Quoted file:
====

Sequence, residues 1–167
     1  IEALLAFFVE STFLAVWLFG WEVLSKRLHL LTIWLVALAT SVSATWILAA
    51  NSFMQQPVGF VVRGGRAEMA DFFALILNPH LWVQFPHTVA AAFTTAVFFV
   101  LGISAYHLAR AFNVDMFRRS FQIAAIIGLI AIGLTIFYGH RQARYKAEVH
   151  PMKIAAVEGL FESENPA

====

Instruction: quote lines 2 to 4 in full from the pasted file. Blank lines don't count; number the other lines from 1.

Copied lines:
     1  IEALLAFFVE STFLAVWLFG WEVLSKRLHL LTIWLVALAT SVSATWILAA
    51  NSFMQQPVGF VVRGGRAEMA DFFALILNPH LWVQFPHTVA AAFTTAVFFV
   101  LGISAYHLAR AFNVDMFRRS FQIAAIIGLI AIGLTIFYGH RQARYKAEVH